And give the worm my little store
When the last reader reads no more!



                                POETRY:

       A METRICAL ESSAY, READ BEFORE THE PHI BETA KAPPA SOCIETY,
                    HARVARD UNIVERSITY, AUGUST, 1836

      TO CHARLES WENTWORTH UPHAM, THE FOLLOWING METRICAL ESSAY IS
AFFECTIONATELY INSCRIBED.

This Academic Poem presents the simple and partial views of a young
person trained after the schools of classical English verse as
represented by Pope, Goldsmith, and Campbell, with whose lines his
memory was early stocked. It will be observed that it deals chiefly with
the constructive side of the poet's function. That which makes him a
poet is not the power of writing melodious rhymes, it is not the
possession of ordinary human sensibilities nor even of both these
qualities in connection with each other. I should rather say, if I were
now called upon to define it, it is the power of transfiguring the
experiences and shows of life into an aspect which comes from his
imagination and kindles that of others. Emotion is its stimulus and
language furnishes its expression; but these are not all, as some might
infer was the doctrine of the poem before the reader.

A common mistake made by young persons who suppose themselves to have
the poetical gift is that their own spiritual exaltation finds a true
expression in the conventional phrases which are borrowed from the
voices of the singers whose inspiration they think they share.

Looking at this poem as an expression of some aspects of the _ars
poetica_, with some passages which I can read even at this mature period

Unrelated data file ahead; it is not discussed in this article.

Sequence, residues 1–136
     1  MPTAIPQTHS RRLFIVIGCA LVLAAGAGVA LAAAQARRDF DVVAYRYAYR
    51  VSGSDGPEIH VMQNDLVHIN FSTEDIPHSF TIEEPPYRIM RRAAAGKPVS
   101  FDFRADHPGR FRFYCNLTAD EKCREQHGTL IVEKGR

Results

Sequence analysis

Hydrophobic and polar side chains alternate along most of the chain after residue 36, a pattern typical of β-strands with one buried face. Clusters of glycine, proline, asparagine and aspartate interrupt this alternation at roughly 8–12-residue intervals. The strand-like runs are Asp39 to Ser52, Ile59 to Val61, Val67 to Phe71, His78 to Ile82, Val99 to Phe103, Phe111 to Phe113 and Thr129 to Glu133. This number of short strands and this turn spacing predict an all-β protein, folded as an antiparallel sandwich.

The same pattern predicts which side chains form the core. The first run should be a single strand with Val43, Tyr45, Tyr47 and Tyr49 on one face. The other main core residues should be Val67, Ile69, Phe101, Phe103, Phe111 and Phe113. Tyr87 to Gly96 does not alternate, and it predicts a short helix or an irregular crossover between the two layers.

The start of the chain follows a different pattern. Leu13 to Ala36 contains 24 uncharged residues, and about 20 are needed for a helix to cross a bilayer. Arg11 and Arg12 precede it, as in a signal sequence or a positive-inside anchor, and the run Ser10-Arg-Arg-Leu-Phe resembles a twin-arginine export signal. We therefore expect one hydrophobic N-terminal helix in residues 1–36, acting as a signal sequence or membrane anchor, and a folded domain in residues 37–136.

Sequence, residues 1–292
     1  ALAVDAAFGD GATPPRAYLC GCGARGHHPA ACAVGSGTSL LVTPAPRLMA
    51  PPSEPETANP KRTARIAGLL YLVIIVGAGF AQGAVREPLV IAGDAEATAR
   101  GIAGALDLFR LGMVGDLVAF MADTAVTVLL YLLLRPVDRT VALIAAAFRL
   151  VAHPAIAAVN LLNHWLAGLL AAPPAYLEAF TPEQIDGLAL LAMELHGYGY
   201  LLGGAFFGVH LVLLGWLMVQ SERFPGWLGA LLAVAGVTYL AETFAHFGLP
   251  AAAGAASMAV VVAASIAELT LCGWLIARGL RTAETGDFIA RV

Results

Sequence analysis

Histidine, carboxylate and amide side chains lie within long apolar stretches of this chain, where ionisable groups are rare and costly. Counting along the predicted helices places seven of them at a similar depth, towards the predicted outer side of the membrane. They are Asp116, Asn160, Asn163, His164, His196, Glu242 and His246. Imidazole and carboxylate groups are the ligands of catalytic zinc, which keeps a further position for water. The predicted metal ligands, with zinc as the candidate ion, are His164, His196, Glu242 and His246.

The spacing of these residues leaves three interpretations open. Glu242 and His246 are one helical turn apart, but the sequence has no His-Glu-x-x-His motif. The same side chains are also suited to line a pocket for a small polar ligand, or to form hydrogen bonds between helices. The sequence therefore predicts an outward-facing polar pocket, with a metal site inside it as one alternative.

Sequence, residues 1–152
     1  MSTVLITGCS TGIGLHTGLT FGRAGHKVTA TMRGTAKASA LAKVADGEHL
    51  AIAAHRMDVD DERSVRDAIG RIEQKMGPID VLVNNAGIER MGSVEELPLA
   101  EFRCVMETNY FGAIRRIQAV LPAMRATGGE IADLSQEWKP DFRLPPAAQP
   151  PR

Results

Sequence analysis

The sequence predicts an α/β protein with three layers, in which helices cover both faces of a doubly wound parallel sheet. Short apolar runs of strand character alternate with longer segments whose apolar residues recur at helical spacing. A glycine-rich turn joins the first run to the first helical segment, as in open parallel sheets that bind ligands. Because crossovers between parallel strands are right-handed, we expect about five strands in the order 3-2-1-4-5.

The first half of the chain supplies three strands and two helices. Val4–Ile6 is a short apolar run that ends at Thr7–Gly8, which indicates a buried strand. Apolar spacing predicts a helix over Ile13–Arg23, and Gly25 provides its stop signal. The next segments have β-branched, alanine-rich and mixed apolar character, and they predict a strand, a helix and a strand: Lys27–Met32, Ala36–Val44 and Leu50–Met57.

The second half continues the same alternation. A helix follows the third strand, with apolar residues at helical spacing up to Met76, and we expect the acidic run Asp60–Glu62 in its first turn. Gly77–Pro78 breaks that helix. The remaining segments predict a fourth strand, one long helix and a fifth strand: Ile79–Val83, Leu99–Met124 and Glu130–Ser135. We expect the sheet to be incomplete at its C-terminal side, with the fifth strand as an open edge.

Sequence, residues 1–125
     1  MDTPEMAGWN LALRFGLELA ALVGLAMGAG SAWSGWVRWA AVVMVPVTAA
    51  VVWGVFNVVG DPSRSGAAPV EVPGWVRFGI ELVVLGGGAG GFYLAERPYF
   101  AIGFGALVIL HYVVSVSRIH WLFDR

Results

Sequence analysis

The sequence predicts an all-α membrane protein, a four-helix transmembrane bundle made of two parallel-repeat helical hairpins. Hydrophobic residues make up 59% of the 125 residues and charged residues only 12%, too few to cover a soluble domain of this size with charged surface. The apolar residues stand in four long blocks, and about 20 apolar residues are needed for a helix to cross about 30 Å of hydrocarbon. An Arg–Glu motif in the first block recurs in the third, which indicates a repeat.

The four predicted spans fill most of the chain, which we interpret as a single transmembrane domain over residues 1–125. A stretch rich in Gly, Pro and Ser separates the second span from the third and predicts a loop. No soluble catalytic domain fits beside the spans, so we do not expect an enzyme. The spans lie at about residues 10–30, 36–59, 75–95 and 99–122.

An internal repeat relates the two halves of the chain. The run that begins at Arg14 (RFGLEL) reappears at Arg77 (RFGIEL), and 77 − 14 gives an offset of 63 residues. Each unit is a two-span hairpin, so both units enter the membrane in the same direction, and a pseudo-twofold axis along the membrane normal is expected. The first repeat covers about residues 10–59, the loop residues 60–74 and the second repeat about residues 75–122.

of life without blushing for them, it may stand as the most serious
representation of my early efforts. Intended as it was for public
delivery, many of its paragraphs may betray the fact by their somewhat
rhetorical and sonorous character.

SCENES of my youth! awake its slumbering fire!
Ye winds of Memory, sweep the silent lyre!
Ray of the past, if yet thou canst appear,
Break through the clouds of Fancy's waning year;
Chase from her breast the thin autumnal snow,
If leaf or blossom still is fresh below!

Long have I wandered; the returning tide
Brought back an exile to his cradle's side;
And as my bark her time-worn flag unrolled,
To greet the land-breeze with its faded fold,
So, in remembrance of my boyhood's time,
I lift these ensigns of neglected rhyme;
Oh, more than blest, that, all my wanderings through,
My anchor falls where first my pennons flew!

              . . . . . . . . .

The morning light, which rains its quivering beams
Wide o'er the plains, the summits, and the streams,
In one broad blaze expands its golden glow
On all that answers to its glance below;
Yet, changed on earth, each far reflected ray
Braids with fresh hues the shining brow of day;
Now, clothed in blushes by the painted flowers,
Tracks on their cheeks the rosy-fingered hours;
Now, lost in shades, whose dark entangled leaves
Drip at the noontide from their pendent eaves,
Fades into gloom, or gleams in light again
From every dew-drop on the jewelled plain.


We, like the leaf, the summit, or the wave,
Reflect the light our common nature gave,
But every sunbeam, falling from her throne,
Wears on our hearts some coloring of our own
Chilled in the slave, and burning in the free,
Like the sealed cavern by the sparkling sea;
Lost, like the lightning in the sullen clod,
Or shedding radiance, like the smiles of God;
Pure, pale in Virtue, as the star above,